As DePillis explains it, traffic consultants use formulas developed by the Institute of Transportation Engineers to estimate how many new trips a project is likely to generate. Because much of the data is based on developments in suburbs—where relatively few people get around by transit, walking, and bicycling—there's an opportunity for consultants in cities to adjust the numbers. They can point to buses, rail transit, bike lanes, bike-sharing, and even future streetcar service as reasons why a big new urban development won't generate much car traffic.
The city government, she says, generally wants the development, and doesn't have a strong incentive to dispute a traffic consultant's cheery projections. Indeed, DePillis quote Karina Ricks, a consultant who headed the District's Department of Transportation from 2005 to 2011, as saying, "At the end of the day, we are in favor of development. ... If the city stops growing, it starts dying again."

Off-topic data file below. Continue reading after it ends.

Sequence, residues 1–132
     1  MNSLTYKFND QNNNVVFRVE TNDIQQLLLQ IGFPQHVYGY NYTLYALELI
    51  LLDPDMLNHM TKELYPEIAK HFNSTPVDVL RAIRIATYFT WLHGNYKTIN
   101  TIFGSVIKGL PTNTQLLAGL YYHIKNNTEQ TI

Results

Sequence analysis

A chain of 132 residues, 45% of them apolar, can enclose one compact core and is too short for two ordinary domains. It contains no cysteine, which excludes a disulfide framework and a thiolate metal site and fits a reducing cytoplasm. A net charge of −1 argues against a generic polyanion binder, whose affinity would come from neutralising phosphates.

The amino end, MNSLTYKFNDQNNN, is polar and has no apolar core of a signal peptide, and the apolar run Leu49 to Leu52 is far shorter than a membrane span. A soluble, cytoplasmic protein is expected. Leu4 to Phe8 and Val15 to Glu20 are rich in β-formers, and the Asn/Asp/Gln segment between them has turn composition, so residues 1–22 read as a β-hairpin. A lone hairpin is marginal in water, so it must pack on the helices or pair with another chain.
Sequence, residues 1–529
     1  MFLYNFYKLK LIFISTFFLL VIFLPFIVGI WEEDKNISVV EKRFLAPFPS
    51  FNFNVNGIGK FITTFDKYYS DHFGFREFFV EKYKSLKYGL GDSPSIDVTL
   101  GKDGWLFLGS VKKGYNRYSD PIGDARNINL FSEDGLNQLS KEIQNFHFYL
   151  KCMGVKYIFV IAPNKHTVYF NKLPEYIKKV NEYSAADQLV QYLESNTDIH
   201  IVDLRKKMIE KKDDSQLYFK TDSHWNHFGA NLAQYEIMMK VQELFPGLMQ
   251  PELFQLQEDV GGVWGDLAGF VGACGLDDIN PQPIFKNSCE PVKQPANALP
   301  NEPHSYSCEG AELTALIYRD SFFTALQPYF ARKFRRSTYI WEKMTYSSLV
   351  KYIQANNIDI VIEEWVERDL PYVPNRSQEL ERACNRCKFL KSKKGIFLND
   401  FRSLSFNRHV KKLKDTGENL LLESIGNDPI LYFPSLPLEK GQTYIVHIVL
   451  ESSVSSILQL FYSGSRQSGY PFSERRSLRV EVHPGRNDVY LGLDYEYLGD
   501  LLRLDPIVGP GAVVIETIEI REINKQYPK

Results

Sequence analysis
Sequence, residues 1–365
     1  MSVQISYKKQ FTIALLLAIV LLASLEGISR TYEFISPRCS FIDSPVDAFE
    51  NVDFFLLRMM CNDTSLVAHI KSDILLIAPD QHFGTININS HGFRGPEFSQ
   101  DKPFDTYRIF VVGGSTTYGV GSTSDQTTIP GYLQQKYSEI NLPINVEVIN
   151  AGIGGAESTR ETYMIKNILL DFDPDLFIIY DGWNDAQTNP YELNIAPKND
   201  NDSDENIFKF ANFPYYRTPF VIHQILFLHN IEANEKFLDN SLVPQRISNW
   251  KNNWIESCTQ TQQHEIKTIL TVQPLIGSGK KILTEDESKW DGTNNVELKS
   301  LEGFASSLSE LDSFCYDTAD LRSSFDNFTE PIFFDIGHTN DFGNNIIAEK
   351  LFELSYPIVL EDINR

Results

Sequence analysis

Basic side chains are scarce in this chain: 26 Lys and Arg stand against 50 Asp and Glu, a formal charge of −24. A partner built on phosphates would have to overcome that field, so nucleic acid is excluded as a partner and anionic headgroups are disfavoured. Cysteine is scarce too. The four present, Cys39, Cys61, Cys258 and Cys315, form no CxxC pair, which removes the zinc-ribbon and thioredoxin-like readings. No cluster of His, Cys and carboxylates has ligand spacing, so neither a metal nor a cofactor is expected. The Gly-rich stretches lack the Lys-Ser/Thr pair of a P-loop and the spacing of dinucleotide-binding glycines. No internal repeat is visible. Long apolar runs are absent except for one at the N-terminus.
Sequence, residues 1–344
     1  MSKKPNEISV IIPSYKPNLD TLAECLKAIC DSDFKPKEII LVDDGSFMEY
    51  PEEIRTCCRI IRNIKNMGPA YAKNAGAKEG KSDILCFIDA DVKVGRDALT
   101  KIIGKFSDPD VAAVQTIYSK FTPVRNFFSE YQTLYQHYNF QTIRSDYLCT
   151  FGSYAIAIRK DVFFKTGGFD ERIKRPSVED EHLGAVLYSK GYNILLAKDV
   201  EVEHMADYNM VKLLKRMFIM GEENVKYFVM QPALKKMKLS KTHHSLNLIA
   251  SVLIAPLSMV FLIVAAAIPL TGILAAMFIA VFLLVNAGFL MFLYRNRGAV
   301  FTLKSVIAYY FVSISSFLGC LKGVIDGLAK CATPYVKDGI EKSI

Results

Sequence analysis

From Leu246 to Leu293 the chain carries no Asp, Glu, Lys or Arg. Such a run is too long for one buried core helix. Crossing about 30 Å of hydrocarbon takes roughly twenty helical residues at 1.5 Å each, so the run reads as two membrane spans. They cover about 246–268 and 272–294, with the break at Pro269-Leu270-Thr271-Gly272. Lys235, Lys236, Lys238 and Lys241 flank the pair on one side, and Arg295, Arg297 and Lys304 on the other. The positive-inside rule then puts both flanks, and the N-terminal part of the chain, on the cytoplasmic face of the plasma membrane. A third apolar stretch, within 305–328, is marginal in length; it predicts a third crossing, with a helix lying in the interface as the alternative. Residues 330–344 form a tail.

So are the projections wrong, then? From what DePillis reports, flaws are sometimes found by community groups that take a close look, but the logic behind the studies seems to be generally sound.
Why is that?
• If a project contains a mix of housing, retail, and offices, people will be able to go about some of their daily movements on foot. Mixed uses can reduce congestion.
• Big projects justify a substantial transportation investment, such as streetcars, also offsetting congestion.
• When there are more people and vehicles trying to get around in a limited space, some of the motorists will have an incentive to do something different: telecommute, move closer to work, use a bike.